This technology examines the back and forth communications between application servers and their clients and tries to streamline it. So, for instance, if a client initiates what looks to be a Microsoft Common Internet File System request, the intervening WAN optimisation controllers anticipate the next several requests. The server-side controller spoofs the requests, gathers the responses and ships them over all at once, thereby reducing the delay all those steps would have created had they each crossed the WAN.
Different vendors support fewer and greater numbers of individual applications.
In addition to adding new acceleration methods, vendors have revisited and improved on old ones. File caching has been upgraded to caching repetitive data streams rather than just files. So if a pattern of bytes is sent over and over – say, a graphic – the WAN optimisation controllers may store it and then call it up locally when required. Such a graphic being used in a Word document and in a separate PowerPoint, can be cached and reused without having to be retrieved from across the WAN, Skorupa says.
Caching in WAN optimisation gear can also override badly coded web applications that tag objects as non-cachable because the objects are dynamic and supposed to be served fresh. Some applications, though, mislabel static content that could legitimately be cached, such as company logos appearing on forms, Skorupa says. Some WAN optimisation gear can identify this static content and cache it anyway.
In addition to caching, QoS functionality is being refined as well. Whereas once QoS was limited to types of traffic, classes of service can now be defined by more parameters such as individual user, the application being used, the time of day, and so forth. The result is that each user transaction gets a more appropriate priority and share of available WAN bandwidth, further improving the efficiency of the wide area network.
QoS can also be tuned to limit or block certain applications' access to the WAN. In the past five years the amount of allowable but not critical WAN applications has blossomed, Skorupa says. QoS features can prioritise inappropriate applications such as Kazaa, non-strategic but perhaps useful traffic such as Twitter and the truly strategic such as order entry applications, so each gets the bandwidth it deserves or is blocked altogether.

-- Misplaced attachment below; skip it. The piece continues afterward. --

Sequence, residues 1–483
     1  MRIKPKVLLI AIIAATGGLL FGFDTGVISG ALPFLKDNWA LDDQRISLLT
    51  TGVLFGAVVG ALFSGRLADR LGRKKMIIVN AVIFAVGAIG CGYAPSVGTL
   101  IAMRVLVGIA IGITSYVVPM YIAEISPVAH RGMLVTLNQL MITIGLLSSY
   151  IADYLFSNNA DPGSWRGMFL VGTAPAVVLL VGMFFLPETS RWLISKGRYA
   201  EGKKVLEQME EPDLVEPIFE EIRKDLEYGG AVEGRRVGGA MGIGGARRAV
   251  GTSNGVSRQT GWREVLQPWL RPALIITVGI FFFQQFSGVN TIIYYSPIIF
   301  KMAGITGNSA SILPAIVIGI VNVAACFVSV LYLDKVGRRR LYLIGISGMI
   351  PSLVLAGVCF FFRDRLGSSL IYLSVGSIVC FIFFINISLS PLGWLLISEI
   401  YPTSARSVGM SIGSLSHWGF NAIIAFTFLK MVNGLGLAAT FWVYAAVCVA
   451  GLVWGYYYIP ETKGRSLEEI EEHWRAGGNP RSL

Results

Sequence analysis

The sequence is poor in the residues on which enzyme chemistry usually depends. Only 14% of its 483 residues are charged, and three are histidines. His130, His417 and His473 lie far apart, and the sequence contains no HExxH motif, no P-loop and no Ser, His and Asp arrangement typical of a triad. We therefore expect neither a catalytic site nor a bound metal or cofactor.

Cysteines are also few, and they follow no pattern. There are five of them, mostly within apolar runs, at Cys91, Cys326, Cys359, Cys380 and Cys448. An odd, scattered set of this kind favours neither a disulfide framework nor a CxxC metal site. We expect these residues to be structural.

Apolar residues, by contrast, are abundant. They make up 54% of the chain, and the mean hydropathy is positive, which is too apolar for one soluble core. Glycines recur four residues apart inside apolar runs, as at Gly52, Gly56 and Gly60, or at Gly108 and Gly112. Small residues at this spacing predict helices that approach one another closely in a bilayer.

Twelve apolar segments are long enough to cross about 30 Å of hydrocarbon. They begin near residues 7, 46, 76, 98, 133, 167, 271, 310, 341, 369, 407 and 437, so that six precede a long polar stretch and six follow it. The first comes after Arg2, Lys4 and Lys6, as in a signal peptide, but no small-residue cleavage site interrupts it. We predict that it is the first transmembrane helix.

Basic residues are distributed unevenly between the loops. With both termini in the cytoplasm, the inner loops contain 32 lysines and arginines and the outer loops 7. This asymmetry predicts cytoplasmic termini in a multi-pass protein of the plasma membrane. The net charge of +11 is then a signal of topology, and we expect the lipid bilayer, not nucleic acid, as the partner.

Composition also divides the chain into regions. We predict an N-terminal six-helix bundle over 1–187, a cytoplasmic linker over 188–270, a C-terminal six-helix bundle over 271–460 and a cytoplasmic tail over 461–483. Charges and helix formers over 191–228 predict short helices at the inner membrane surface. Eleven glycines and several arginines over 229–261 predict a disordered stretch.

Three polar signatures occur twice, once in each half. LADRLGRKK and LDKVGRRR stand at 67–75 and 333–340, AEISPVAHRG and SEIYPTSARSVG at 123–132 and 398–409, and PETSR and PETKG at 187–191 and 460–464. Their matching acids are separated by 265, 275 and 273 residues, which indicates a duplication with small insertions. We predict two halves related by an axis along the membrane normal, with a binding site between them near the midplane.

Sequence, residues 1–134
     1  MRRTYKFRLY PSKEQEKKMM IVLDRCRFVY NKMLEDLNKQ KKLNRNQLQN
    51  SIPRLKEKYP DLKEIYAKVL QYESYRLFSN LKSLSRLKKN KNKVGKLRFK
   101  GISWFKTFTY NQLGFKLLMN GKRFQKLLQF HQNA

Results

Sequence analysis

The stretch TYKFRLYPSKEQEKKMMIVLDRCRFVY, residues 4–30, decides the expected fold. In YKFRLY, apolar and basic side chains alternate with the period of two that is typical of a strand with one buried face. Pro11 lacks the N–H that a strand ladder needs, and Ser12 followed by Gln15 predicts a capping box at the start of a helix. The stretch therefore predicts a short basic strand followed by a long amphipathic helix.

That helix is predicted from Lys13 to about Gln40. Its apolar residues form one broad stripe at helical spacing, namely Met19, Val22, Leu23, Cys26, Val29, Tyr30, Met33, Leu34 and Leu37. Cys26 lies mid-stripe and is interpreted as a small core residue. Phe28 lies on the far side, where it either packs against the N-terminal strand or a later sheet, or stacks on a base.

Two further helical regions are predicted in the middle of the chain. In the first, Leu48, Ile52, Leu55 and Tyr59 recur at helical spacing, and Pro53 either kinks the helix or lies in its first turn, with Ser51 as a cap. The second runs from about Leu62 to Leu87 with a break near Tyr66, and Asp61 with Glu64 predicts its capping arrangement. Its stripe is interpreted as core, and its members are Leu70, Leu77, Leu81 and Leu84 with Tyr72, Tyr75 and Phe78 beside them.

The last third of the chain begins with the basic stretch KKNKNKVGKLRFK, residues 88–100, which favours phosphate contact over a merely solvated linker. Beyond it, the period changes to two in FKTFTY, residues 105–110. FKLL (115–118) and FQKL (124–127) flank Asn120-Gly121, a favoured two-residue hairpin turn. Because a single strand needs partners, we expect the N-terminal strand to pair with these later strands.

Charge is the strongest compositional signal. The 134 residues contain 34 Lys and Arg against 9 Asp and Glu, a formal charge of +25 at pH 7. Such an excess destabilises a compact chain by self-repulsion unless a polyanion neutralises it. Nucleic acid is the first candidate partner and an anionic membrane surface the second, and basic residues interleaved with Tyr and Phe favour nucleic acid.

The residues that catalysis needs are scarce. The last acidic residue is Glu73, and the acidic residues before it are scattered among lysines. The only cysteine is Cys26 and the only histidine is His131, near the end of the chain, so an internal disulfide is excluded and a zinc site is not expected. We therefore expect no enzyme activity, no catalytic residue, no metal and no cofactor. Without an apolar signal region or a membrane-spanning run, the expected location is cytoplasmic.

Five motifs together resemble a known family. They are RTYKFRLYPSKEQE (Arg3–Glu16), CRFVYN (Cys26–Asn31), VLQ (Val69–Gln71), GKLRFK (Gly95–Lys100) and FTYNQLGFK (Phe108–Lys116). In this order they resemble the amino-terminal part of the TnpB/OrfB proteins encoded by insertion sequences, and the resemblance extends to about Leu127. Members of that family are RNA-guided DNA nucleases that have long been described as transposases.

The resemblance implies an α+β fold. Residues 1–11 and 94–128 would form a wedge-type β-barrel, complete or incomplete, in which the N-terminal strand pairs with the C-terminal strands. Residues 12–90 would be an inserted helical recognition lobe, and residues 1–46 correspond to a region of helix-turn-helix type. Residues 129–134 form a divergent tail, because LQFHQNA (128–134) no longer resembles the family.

Because WAN optimisation controllers sit at both ends of WAN connections, they have the ability to see all the traffic using the links. Some vendors have developed this monitoring potential to measure and report on the performance of individual applications to find trouble spots and manage them better.
Many vendors have developed WAN optimisation controller clients for remote access users to reap the benefits of optimisation, as they connect to corporate networks from home or on the road. These clients may also integrate with VPN clients in order to secure the connections.
No single vendor has all the features and some have developed dominance in certain aspects of WAN optimisation controller technology, Skorupa says. For instance, Citrix and Expand do well speeding up the use of virtual desktops. Silver Peak does well handling ultra, high-speed connections. Blue Coat does a good job with security. Cisco is good in some accounts, not so good in others, depending on how complex the network is, he says. Riverbed has a broad range, application-specific optimisation.
No network has a single set of optimisation needs, so it's a good idea to test the equipment with customers' specific mixes of applications and network conditions. If not on a live network, at least in a lab simulation, Skorupa says.
He suggests the optimisation of gear when businesses are planning the deployment of new applications. Depending on the application and the length of WAN connections, rolling the price of WAN optimisation devices into the cost of the application rollout may be cost-effective, he says.